Steppenwolf fans are used to tense dramas that explode with violence or equally turbulent performances that sometimes crash and burn over a flawed script. What they're not used to is a simply solid play that comes together in the end without some visceral calamity as catalyst.
Until "Russian Transport."
"Russian Transport"★ ★ ★
Location: Steppenwolf Upstairs Theatre, 1650 N. Halsted St., Chicago, (312) 335-1650, www.steppenwolf.org
Showtimes: 7:30 p.m. Tuesday through Friday, 3 and 7:30 p.m. Saturday and Sunday, no shows May 3, no 7:30 p.m. show May 11; through May 11
Running time: About 2½ hours with intermission
Parking: Paid lot as well as street parking
Rating: For teens and older; mature language and subject matter
Steppenwolf's latest is the first play from Erika Sheffer, and it has a very familiar setup in the form of a stranger who enters a household only to throw off the family dynamic.
At first, it seems much larger and more dramatic than it is. A family of four Russian immigrants living in Brooklyn welcomes an uncle from the old country. They're all marked by the bitter, ironic, deterministic Russian sense of humor.
When teenage daughter Mira complains life isn't fair, her mother, Diana, replies, "Your grandmother was raped by Nazis. This is fair?" Later, she'll order her daughter, "Go get me some stamps before I pull your fingernails out."
Sheffer's dialogue crackles, and it's keen to the fluctuations of when a bit of not-so-gentle teasing begins to go too far and the claws come out.
Yet her larger point is far simpler, and based on an elementary bit of parallelism. Without spoiling the details, suffice to say that Uncle Boris has brought with him ties to the old family business, and it's not exactly a fantastic recipe for borscht.
I'm going to try to tiptoe around exactly what that business is, except to say if you guess drug-running you're close but wrong.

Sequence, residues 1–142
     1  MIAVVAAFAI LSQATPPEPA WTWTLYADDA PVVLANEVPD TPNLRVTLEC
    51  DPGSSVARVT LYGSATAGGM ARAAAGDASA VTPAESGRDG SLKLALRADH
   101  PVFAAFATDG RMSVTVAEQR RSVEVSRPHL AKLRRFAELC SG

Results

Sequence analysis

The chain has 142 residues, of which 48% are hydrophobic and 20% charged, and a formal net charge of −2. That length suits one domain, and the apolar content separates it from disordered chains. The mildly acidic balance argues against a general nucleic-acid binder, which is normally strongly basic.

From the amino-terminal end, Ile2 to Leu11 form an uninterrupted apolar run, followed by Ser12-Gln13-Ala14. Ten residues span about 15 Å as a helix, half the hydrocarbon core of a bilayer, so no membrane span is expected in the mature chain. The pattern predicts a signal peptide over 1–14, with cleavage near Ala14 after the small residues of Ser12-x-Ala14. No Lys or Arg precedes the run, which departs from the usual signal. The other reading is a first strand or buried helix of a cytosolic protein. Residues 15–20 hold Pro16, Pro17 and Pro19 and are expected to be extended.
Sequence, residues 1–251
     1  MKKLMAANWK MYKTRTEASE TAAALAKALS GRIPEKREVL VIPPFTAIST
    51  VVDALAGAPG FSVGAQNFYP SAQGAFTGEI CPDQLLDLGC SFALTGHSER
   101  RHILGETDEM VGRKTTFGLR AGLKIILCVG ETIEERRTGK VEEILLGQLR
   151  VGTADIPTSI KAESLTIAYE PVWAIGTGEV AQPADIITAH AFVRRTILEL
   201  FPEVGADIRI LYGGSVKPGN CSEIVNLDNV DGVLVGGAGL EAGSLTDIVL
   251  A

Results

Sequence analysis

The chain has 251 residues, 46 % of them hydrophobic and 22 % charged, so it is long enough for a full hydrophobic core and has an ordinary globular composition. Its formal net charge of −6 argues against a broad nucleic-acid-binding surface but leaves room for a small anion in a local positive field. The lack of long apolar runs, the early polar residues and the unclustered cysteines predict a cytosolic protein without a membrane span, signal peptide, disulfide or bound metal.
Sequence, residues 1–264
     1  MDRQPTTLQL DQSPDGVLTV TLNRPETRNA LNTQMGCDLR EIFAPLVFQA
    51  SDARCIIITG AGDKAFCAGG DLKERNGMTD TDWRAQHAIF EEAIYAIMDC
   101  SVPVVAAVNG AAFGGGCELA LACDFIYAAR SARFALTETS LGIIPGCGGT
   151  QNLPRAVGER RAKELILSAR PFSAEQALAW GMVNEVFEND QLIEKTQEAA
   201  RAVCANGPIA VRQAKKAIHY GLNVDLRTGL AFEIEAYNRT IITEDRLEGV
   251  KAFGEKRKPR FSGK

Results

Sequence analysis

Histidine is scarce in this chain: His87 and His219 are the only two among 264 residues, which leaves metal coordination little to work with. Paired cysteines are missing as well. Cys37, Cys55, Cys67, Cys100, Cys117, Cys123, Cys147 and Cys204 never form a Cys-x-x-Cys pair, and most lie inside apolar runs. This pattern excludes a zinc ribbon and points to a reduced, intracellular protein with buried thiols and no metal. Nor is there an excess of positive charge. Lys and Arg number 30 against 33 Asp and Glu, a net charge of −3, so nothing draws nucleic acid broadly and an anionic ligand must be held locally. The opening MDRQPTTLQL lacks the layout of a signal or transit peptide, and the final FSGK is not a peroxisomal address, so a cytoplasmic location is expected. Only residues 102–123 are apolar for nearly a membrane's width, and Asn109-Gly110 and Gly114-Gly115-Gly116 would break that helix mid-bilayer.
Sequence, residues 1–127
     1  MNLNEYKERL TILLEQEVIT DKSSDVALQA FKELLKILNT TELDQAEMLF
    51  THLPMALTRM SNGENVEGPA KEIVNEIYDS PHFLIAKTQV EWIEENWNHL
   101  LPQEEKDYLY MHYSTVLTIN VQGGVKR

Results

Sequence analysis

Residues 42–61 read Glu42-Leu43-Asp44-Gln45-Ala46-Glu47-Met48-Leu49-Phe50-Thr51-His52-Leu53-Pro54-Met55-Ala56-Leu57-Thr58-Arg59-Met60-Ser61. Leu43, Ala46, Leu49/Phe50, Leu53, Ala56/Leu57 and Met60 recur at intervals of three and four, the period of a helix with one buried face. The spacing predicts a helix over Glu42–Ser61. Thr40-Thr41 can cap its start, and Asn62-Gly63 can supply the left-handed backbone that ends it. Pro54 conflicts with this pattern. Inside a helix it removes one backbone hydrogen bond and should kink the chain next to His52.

Yet it's what gives the play its focus and explains seemingly innocent surface conflicts. Mira wants to visit Florence on a school trip, and Uncle Boris backs her up, saying all young girls should see the world. Mom, by contrast, responds, "The only vacation you are taking is the one to my (rear end)."
The key part here is played, believe it or not, by Tim Hopper as the heavy, Uncle Boris. The veteran Steppenwolf trouper, known mostly for nebbishy roles, has a friendly, matter-of-fact quality as the long-lost relation, but there's also a thinly veiled menace, resonating somehow with the sort of calm ruthlessness Marlon Brando displayed as "The Godfather." He sparks the reactions all around him.
Mariann Mayberry is wonderful as the mother, Diana, with a caustic wit that masks a ferocious devotion to her family. Melanie Neilan is a little too over-the-top in playing an over-the-top teen; she starts out tugging at her floppy slipper and ends up flapping her arms in a caricature of teenage precociousness. But somehow it only serves to emphasize her all-American innocence.
Aaron Himelstein is better as the older brother, Alex, dragged into Uncle Boris' schemes not entirely against his will.
The weak link is Alan Wilder as the father, Misha. He seems such a mismatch for his wife that one thinks there must be something deeper behind their relationship. There may be, but it's not explored in this play.
Yasen Peyankov is Steppenwolf's default choice to play a Russian expatriate, and the play would no doubt benefit from his taking the role of the father. But instead Peyankov is the director behind the scenes here, and while he's missed onstage, he makes sure all the other players have his sense of withering Russian sarcasm. If they all seem authentic, it's largely thanks to him.
There's a Maguffin tossed in in the form of some sexual tension between Mira and Uncle Boris. And, in a double offense in a Russian-themed drama, Scheffer violates Chekhov's law by producing a gun a couple of times without really using it.
Yet the play makes excellent use of the hit songs "Blurred Lines" and "Get Lucky," while name-checking Selena Gomez, all of which gives it a contemporary feel. And, while pulling its punches toward the end -- a distinctly non-Steppenwolf quality -- it settles on a genuinely tender and entirely satisfactory note. In a nice touch, the first act ends with mother and father, brother and sister paired off, and the play ends that way as well, only with a dramatic difference.
"Russian Transport" is performed in Steppenwolf's upstairs theater in the round, and the thick accents, the carpeted stage and the lack of a single direction for the players to aim their delivery at muffles the dialogue. The audience sometimes strains to discern what they're saying. That's a minor quibble, however, in what amounts to a satisfying play -- nothing too overheated, nothing too tragic, just a solid piece of workmanlike theater. It's not Steppenwolf's usual mode, but in the midst of this most Russian of Chicago winters it will do.